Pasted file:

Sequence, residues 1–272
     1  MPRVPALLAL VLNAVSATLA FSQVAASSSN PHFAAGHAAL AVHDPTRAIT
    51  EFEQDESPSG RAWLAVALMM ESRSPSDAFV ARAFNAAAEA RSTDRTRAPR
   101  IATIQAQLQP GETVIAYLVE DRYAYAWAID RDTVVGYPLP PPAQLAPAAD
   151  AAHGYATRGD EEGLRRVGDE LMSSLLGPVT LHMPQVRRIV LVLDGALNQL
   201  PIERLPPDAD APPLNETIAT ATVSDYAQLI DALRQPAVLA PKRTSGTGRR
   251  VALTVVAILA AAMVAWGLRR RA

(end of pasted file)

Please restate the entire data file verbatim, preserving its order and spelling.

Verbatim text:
Sequence, residues 1–272
     1  MPRVPALLAL VLNAVSATLA FSQVAASSSN PHFAAGHAAL AVHDPTRAIT
    51  EFEQDESPSG RAWLAVALMM ESRSPSDAFV ARAFNAAAEA RSTDRTRAPR
   101  IATIQAQLQP GETVIAYLVE DRYAYAWAID RDTVVGYPLP PPAQLAPAAD
   151  AAHGYATRGD EEGLRRVGDE LMSSLLGPVT LHMPQVRRIV LVLDGALNQL
   201  PIERLPPDAD APPLNETIAT ATVSDYAQLI DALRQPAVLA PKRTSGTGRR
   251  VALTVVAILA AAMVAWGLRR RA